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Mathematician

Solutions to Exercises

September 17, 2009

The following are solutions to exercises in my book How to Think Like a

Mathematician.

Chapter 1

Exercises 1.10 (i) 5 (ii) 3 (iii) 4 (iv) 0 (v) Inﬁnite (vi) 2 (vii) 2 (viii) 3.

Exercises 1.20 (i) {−1, 1, 2, 3, 4, 5, 7} (ii) Z.

Exercises 1.23 (i)(a) {0, 1, 2, 3, 4, 5}, (b) ∅, (c) {0, 1, 5}. (ii) Z, ∅, Z.

Exercises 1.33 My intention was that the domain would be the largest in R.

(i) R\{(5−

√

13)/2, (5+

√

13)/2}, (ii) R, (iii) Many answers are possible. Hint:

We can always ﬁnd a line between two points in the plane so we could use a

linear function such as f(x) = ax+b where a and b are determined by using the

equations f(−1) = 5 and f(3) = −2. One you have mastered the idea behind

this try ﬁnding a quadratic whose graph passes through the points. Then move

on to functions involving higher orders or sines, cosines and the exponential

function.

Exercises 1.34 (i) A ∩ B = {2}, A ∪ B = {0, 2, 3, 4, 5, 6, 7, 8, 10} (or X\{1, 9}

if you prefer), A\B = {0, 4, 6, 8, 10}, B\A = {3, 5, 7}, A × B has 24 elements

(which is a lot to type), X × A has 66 elements, A

c

= {1, 3, 5, 7, 9}, B

c

=

{0, 1, 4, 6, 8, 9, 10}.

(ii) The quadratic has roots 2 and 7 so the union is {2, 3, 4, 5, 6, 7, 8, 9, 10}

and the intersection is {7}.

(iii) The precise answers will depend on the sets you take. You should

always get equalities of sets except in (d) and (f). (This does not exclude the

situation where your examples give equalities in (d) and (f). However, there

exist examples where they don’t have equality.)

(iv)(a)

A and B disjoint.

1

(b)

A∪ B A

C

(A∩ B)

c

(c) An example of from (i):

(A∩ B) ∪ (A∩ B) or A∩ (B ∪ C).

(v) Not applicable.

Chapter 2

Solutions not applicable to this chapter.

Chapters 3 and 4

The solutions to these chapters will depend on your personal answers and writ-

ing style.

Exercises 3.2 (i) Don’t forget to explain what a, b, c, α, β, γ and h are and

explain what are assumptions and what are conclusions.

(ii) There are some mathematical mistakes. The second line is actually

f

**(x) yet the student has equated it to f. Also they say (taking into account
**

the previous comment) that f

(x) = 6x

2

− 24x + 18 implies that x = 1 and

3. This is not true, it is the equation f

**(x) = 0 that gives us the values for x.
**

Equality signs are missing in the calculation of x. Some notation is missing.

When ﬁnding maxima and minima we put the values of x into the expression

for the second derivative and so we should really have

d

2

y

dx

2

¸

¸

¸

¸

x=1

etc, rather than just

d

2

y

dx

2

.

Chapter 5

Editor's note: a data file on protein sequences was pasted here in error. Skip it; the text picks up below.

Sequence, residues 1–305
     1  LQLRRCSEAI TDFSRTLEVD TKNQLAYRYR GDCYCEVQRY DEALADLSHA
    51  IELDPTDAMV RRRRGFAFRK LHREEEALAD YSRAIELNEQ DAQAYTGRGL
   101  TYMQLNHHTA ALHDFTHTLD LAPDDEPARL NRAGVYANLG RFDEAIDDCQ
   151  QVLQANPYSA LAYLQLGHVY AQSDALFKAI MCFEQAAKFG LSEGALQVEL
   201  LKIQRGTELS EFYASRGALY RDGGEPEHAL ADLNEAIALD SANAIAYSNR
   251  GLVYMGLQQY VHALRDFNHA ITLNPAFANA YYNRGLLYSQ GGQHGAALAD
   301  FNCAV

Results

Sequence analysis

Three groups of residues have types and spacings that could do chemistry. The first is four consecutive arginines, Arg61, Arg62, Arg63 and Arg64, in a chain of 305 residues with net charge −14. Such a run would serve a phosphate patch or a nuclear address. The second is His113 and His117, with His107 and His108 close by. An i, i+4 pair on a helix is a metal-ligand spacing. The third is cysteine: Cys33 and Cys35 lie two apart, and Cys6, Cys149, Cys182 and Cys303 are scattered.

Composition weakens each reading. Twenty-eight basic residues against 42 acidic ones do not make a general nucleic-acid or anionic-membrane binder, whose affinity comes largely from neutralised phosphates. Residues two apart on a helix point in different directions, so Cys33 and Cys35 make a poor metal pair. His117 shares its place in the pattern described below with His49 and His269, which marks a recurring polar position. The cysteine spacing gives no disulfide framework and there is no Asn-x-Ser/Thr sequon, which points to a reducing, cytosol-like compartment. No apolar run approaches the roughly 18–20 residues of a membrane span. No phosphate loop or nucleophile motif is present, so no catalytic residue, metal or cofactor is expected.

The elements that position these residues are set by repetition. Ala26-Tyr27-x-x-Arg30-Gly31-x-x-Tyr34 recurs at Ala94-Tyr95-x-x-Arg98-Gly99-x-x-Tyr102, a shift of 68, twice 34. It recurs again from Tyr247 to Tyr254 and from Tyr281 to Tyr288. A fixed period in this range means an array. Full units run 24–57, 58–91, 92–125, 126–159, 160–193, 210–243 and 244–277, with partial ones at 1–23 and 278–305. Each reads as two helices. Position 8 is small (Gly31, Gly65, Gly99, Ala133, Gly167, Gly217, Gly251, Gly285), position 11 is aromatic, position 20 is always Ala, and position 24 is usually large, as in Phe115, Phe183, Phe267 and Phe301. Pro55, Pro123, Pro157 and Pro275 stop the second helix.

The point of this chapter is to get you thinking about solving problems and so

giving the answers would defeat the purpose of the chapter. Keep coming back

to them! However, I should say that (v) and (vi) are classics and so you should

be able to ﬁnd some answers with a web search.

2

Chapter 6

Exercises 6.10 Both truth tables should have the following form

A B ∼

F F T

F T F

T F F

T T F

Exercises 6.11 (i) Statements: (a), (d) and (e). Statement (d) is true but the

truth or otherwise cannot be known for (a) and (e). (Well, (e) will be known if

you are reading this after 2089.)

(ii) The truth table should be

A B (a) (b) (c) (d) (e) (f)

F F T T T T T F

F T T F T F T F

T F T F T T T F

T T F F F T T F

(iii)(a) A is false and B is true. (b) A is true and B is false. (c) A is false

and B is false. (d) A is false or B is false.

(iv) The truth tables look like the following

A B C (a) (b) (c)

F F F F F F

F F T F T T

F T F F F F

F T T F T F

T F F F F F

T F T T T F

T T F T T F

T T T T T F

(v)(a) The truth table can be constructed as follows:

A not A A or (not A)

F T T

T F T

(b) not(A and not A)

(c) Yes, it is but maybe I should have put this question in one of the chapters

on implications.

(d) The truth table looks like

A not A A and (not A)

F T F

T F F

3

Chapter 24

Exercises 24.10 (i) Similar to Example 24.4.

(ii) Similar to Example 24.7.

(iii) Similar to Example 24.6.

(iv) We’ll prove that 17 divides 3

4n

+4

3n+2

for all n ∈ N as a worked example.

(If this wasn’t an exercise in a chapter on induction, then, because of the n ∈ N

part, alarm bells should ring in your head and you should automatically think

‘I’ll use induction’.)

Initial case: We want to show that 17 divides 3

4n

+ 4

3n+2

when n = 1. We

have that

3

4n

+ 4

3n+2

= 3

4×1

+ 4

3×1+2

= 3

4

+ 4

5

= 81 + 1024

= 1105

= 17 ×65.

So 17 divides 3

4n

+ 4

3n+2

when n = 1.

Induction step: Now suppose that 17 divides 3

4n

+ 4

3n+2

when n = k for

some particular k, i.e.,

3

4k

+ 4

3k+2

= 17m for some m ∈ Z.

Let’s consider the expression for n = k + 1:

3

4(k+1)

+ 4

3(k+1)+2

= 3

4k+4

+ 4

3k+5

=

_

3

4k

_

3

4

+ 4

3k+5

=

_

17m−4

3k+2

_

3

4

+ 4

3k+5

,

by the inductive hypothesis,

= 17m×3

4

−4

3k+2

×3

4

+ 4

3k+5

= 17m×3

4

−4

3k+2

×3

4

+ 4

3k+2

×4

3

= 17m×3

4

−4

3k+2

×

_

3

4

−4

3

_

= 17m×3

4

−4

3k+2

×(81 −64)

= 17m×3

4

−4

3k+2

×17

= 17

_

m×3

4

−4

3k+2

_

.

So 17 divides 3

4(k+1)

+ 4

3(k+1)+2

as required.

We have shown that the statement for n = k implies that the statement for